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Alaskan Winter Ale is Released, It’s Spruce Time

November 12, 2010 Leave a comment

Where the eagles perch, we harvest and drink.

I recently wrote an article about all (well, maybe not all, but most) of the winter ales that are made by Washington brewers. You can find it here.  As much as I was tempted to discuss some of my favorites outside of WA, I censored myself in order to not divert any of the much needed attention on our home state’s winter bounty.  Now I’ve lost all inhibitions, mostly due to Alaskan Brewing’s recent announcement that it’s Winter Ale season.

This is not just any ordinary winter warmer.  No no, this is something much more special.  Who better to tell the tale than Alaskan themselves.

From their website:

 

 

winter_style

English Olde Ale. Traditionally malty with the warming sensation of alcohol, Olde Ales are brewed in the fall as winter warmers.

 

winter_flavor

Brewed in the style of an English Olde Ale, this ale balances the sweet heady aroma of spruce tips with the clean crisp finish of noble hops. Its malty richness is complemented by the warming sensation of alcohol.

 

winter_history

From the seafaring adventurers of the 1700s to the homebrewers of today, adding spruce tips to beer has a rich history in Southeast Alaska.

 

winter_ingrediients

Alaskan Winter is made from glacier-fed water, Sitka spruce tips and a generous blend of the finest quality European and Pacific Northwest hop varieties and specialty malts. Our water originates in the 1,500-square-mile Juneau Ice Field and from the more than 90 inches of rainfall we receive each year.

 

These be the tips

 

I love old ales, and I love pine flavors, so naturally I adore this release and always look forward to it.  I had actually wanted to homebrew a spruce ale recently but didn’t know where to find the tips.  Some homebrew shops carry spruce flavoring but I have heard that it can be very overpowering if not used extremely sparingly.  I guess I could just go out into the wilderness and harvest my own.  According to Mediterranean Cooking in Alaska (who also provided the picture to the right):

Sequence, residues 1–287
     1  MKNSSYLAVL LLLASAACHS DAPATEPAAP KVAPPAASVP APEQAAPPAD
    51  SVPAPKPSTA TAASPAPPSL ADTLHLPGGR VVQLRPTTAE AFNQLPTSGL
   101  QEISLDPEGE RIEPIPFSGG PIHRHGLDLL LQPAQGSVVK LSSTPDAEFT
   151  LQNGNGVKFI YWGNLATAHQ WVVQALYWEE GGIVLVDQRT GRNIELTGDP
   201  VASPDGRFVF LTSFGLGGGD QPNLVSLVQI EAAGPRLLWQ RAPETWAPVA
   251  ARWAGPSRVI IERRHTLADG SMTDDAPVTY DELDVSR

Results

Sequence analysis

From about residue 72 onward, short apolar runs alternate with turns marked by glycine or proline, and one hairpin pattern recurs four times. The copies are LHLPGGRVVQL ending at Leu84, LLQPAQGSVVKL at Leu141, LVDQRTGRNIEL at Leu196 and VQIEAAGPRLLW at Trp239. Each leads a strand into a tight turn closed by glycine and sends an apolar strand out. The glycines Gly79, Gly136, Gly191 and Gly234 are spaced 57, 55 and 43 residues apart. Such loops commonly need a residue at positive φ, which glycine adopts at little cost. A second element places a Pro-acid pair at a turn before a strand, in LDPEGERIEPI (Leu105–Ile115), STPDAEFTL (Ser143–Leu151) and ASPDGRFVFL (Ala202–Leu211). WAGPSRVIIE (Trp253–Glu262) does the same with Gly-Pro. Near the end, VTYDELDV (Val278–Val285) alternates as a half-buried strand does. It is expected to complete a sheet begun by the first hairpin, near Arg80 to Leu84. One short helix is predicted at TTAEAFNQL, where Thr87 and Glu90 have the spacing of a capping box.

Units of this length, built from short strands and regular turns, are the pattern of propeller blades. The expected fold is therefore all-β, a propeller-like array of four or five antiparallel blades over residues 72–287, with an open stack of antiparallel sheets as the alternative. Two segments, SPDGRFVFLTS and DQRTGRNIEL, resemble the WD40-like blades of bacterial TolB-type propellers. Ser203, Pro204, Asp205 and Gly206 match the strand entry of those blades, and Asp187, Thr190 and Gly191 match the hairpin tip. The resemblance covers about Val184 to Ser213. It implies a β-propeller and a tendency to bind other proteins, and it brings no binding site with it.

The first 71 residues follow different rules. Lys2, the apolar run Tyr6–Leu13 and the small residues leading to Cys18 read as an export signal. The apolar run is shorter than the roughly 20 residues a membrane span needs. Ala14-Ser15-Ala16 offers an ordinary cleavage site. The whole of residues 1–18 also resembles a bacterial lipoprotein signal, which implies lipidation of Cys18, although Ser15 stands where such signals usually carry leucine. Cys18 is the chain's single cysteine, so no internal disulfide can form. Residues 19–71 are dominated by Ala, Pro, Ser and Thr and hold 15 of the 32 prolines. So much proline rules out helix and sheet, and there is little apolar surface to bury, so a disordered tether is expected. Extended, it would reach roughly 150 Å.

The key to cooking with the tips of evergreen trees is to harvest them when they first begin to emerge from their brown papery casings. At this stage, spruce tips are very tender and have a fresh flavor that tastes lightly of resin with hints of citrus.

As spruce tips mature, the resinous aspect of their flavor intensifies. When the spruce tips begin to harden, form actual needles, and lose their bright spring green color, I no longer use them for cooking.

Spruce tips are rich in Vitamin C. Spruce tip tea (just dry the spruce tips) has long been used by indigenous peoples to soothe coughs and sore throats, and to alleviate lung congestion.

To harvest spruce tips, pop the tips off the end of the bough as if you’re picking berries. When you’re done picking, remove and discard the papery casings, and discard any hard stem that may have broken off with the tip. The spruce tips are now ready to use.

 

Wow, this sounds very do-able, and healthy!.  It seems that late spring to early summer is the best time to harvest, so I guess I’ll just have one more reason to look forward to the warmer weather in 2011.

 

Arcadia Brewing Co: A Perspective on Michigan Beer

The spread, Michigan style

The beers of Arcadia Ales out of Battle Creek, MI are not available in the Seattle market, or anywhere west of the Rockies for that manner, but that doesn’t mean they are unattainable.  The internet is an amazing tool my friends.